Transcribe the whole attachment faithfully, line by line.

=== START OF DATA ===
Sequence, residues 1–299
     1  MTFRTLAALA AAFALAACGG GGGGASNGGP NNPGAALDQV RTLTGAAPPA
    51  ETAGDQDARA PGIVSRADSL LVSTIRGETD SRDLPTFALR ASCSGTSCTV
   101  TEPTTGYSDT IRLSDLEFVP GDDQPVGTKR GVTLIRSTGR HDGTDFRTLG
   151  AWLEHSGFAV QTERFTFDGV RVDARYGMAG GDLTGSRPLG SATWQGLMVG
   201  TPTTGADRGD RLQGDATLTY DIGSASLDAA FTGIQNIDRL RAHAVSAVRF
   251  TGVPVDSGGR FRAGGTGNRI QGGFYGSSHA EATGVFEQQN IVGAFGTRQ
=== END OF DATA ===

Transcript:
Sequence, residues 1–299
     1  MTFRTLAALA AAFALAACGG GGGGASNGGP NNPGAALDQV RTLTGAAPPA
    51  ETAGDQDARA PGIVSRADSL LVSTIRGETD SRDLPTFALR ASCSGTSCTV
   101  TEPTTGYSDT IRLSDLEFVP GDDQPVGTKR GVTLIRSTGR HDGTDFRTLG
   151  AWLEHSGFAV QTERFTFDGV RVDARYGMAG GDLTGSRPLG SATWQGLMVG
   201  TPTTGADRGD RLQGDATLTY DIGSASLDAA FTGIQNIDRL RAHAVSAVRF
   251  TGVPVDSGGR FRAGGTGNRI QGGFYGSSHA EATGVFEQQN IVGAFGTRQ